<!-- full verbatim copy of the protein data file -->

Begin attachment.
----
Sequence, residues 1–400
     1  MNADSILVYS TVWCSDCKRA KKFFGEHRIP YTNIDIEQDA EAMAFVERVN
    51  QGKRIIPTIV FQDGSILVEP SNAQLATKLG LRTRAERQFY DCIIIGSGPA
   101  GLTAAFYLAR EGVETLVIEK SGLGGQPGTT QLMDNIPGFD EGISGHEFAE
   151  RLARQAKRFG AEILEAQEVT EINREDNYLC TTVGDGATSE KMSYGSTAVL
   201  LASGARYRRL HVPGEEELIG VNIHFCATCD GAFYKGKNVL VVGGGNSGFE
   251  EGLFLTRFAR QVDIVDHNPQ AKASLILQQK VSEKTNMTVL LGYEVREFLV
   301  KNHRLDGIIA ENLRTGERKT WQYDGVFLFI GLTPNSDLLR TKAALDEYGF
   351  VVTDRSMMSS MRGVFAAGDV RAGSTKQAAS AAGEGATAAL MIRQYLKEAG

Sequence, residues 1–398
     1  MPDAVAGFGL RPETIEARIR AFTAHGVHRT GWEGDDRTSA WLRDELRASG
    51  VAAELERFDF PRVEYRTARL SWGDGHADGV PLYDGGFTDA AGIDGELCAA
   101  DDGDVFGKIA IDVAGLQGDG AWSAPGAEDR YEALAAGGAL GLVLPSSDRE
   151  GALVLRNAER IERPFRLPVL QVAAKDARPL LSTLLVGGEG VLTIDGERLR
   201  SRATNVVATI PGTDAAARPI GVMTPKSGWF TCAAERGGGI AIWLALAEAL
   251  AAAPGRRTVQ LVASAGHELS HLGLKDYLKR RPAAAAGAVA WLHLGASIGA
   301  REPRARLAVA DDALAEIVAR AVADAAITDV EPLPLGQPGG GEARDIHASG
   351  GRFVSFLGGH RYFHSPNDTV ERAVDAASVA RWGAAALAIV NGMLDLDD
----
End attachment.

Sequence, residues 1–400
     1  MNADSILVYS TVWCSDCKRA KKFFGEHRIP YTNIDIEQDA EAMAFVERVN
    51  QGKRIIPTIV FQDGSILVEP SNAQLATKLG LRTRAERQFY DCIIIGSGPA
   101  GLTAAFYLAR EGVETLVIEK SGLGGQPGTT QLMDNIPGFD EGISGHEFAE
   151  RLARQAKRFG AEILEAQEVT EINREDNYLC TTVGDGATSE KMSYGSTAVL
   201  LASGARYRRL HVPGEEELIG VNIHFCATCD GAFYKGKNVL VVGGGNSGFE
   251  EGLFLTRFAR QVDIVDHNPQ AKASLILQQK VSEKTNMTVL LGYEVREFLV
   301  KNHRLDGIIA ENLRTGERKT WQYDGVFLFI GLTPNSDLLR TKAALDEYGF
   351  VVTDRSMMSS MRGVFAAGDV RAGSTKQAAS AAGEGATAAL MIRQYLKEAG

Sequence, residues 1–398
     1  MPDAVAGFGL RPETIEARIR AFTAHGVHRT GWEGDDRTSA WLRDELRASG
    51  VAAELERFDF PRVEYRTARL SWGDGHADGV PLYDGGFTDA AGIDGELCAA
   101  DDGDVFGKIA IDVAGLQGDG AWSAPGAEDR YEALAAGGAL GLVLPSSDRE
   151  GALVLRNAER IERPFRLPVL QVAAKDARPL LSTLLVGGEG VLTIDGERLR
   201  SRATNVVATI PGTDAAARPI GVMTPKSGWF TCAAERGGGI AIWLALAEAL
   251  AAAPGRRTVQ LVASAGHELS HLGLKDYLKR RPAAAAGAVA WLHLGASIGA
   301  REPRARLAVA DDALAEIVAR AVADAAITDV EPLPLGQPGG GEARDIHASG
   351  GRFVSFLGGH RYFHSPNDTV ERAVDAASVA RWGAAALAIV NGMLDLDD